I think the biggest lesson she learns is compassion. As the question states, she begins the novel spoiled and naive. By the end – honestly by just a few chapters in, when they get off the boat in Scotland – she’s already learning compassion and caring, especially for people who have been hurt, in the war or otherwise.

4. Discuss the novel’s ambiguity concerning the supernatural. How does Sara Gruen blend mystical elements into the narrative’s realism? Did Ellis and Hank find the Loch Ness monster after all?

The blend of the supernatural (ghosts and the Loch Ness monster) into the “reality” of the characters’ lives is lovely and seamless. Maddie experiences the lack of supernatural during her “workday” at the loch with Hand and Ellis. Fully expecting to see the monster, she jumps and shouts at every little thing, and none of them turn out to be the monster. But then, when she least expects it, during a non-working trip to the water, something pushes her out of it. Is it the monster? Is it Mairi, Angus’s wife who committed suicide in the loch three years before? We, and Maddie, never find out for certain.

As for Ellis and Hank finding the monster, I don’t think they did – and not just because it’s a fictional monster. I think they truly believed perhaps they would find it, but the scene near the end of the novel where they have a model they’ve built based on locals’ stories that they’re getting ready to film tells me that they never saw the real monster.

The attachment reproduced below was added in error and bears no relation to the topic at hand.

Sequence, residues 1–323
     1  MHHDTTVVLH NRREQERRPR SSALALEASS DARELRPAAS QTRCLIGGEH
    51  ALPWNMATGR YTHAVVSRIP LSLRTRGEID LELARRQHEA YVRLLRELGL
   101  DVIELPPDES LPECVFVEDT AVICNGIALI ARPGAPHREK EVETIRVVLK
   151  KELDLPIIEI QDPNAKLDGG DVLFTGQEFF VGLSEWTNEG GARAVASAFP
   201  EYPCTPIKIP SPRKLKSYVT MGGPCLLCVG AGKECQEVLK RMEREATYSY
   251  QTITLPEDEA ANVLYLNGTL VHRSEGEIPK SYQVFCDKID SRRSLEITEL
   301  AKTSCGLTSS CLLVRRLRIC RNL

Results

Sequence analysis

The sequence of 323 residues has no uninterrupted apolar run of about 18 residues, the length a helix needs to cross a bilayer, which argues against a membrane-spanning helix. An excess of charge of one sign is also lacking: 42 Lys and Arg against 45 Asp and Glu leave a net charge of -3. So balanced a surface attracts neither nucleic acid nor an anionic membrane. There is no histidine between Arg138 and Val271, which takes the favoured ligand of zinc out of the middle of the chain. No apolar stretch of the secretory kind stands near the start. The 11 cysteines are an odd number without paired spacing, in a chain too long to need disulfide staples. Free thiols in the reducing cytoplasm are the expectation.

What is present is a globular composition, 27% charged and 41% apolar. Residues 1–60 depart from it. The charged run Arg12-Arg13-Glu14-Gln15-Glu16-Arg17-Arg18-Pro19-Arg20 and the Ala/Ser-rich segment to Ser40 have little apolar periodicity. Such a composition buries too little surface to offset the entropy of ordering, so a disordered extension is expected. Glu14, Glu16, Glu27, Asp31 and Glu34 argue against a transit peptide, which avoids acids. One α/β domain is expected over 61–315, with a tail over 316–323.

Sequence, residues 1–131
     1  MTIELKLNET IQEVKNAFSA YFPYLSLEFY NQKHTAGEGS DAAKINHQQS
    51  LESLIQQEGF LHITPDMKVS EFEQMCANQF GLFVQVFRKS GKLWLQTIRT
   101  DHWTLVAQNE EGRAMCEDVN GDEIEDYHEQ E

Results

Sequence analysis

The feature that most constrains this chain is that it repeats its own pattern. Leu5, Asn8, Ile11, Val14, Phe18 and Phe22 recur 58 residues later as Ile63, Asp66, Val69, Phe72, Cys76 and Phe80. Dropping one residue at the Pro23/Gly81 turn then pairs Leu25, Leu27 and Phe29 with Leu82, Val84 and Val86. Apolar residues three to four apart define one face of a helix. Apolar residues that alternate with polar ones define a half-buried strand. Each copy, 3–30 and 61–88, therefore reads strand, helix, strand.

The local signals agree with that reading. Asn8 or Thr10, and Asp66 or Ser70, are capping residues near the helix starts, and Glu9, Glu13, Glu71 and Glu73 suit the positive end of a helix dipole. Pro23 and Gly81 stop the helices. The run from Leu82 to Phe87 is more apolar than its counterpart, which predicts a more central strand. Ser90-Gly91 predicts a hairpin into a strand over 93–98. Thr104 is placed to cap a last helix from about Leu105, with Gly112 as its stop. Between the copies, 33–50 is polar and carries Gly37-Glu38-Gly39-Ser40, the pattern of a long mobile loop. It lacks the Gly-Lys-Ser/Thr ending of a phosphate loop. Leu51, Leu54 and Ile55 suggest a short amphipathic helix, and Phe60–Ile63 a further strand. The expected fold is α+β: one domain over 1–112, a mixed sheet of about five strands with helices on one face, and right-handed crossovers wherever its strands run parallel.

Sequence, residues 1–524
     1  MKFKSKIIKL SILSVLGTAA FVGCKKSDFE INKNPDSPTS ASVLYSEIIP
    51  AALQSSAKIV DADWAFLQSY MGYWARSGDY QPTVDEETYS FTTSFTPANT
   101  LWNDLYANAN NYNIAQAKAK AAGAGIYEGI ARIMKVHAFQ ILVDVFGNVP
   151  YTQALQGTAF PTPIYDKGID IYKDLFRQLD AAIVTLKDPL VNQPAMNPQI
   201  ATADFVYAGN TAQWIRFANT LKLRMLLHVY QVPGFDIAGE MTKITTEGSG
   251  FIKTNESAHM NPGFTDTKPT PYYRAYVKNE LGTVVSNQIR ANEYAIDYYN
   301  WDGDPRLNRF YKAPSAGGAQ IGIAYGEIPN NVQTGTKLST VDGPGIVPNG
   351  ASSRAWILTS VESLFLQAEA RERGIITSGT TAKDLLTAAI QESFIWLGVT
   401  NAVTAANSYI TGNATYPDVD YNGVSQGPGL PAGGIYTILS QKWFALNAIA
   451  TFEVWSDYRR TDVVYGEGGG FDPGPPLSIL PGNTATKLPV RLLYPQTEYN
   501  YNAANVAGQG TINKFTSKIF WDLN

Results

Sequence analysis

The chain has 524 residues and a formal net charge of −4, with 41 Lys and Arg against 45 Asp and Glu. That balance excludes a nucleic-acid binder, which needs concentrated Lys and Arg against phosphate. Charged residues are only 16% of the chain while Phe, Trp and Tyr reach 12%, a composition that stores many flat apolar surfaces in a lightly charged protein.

5. Do you think Maddie and Ellis were ever truly in love? What did you think of Ellis? Did you empathize with him? Did Ellis change over the course of the novel or did the changes all take place within Maddie?

I think Maddie was in love with Ellis, but I don’t think he ever returned the sentiment. I think she was just convenient for him. He needed her in order to prove to his parents that he was independent and didn’t need their approval anymore. He liked her, sure, but their marriage was all about him.

My thoughts of Ellis changed over the course of the book. In the beginning, he seemed fine. I had no reason to suspect that he would end up as awful as he did. Did I empathize with him? No, not really, especially as I learned more and more about him. Ellis was a self-centered, drug-abusing jerk. No empathy from me, not even during his final scene.

I don’t think Ellis changed as the story progressed. The changes were definitely all within Maddie. It may seem like Ellis changed, but that was only because as Maddie became more aware of the things around her, she saw him for what he really was.

I’ll be back next week with my thoughts to other five Book Club questions on this novel.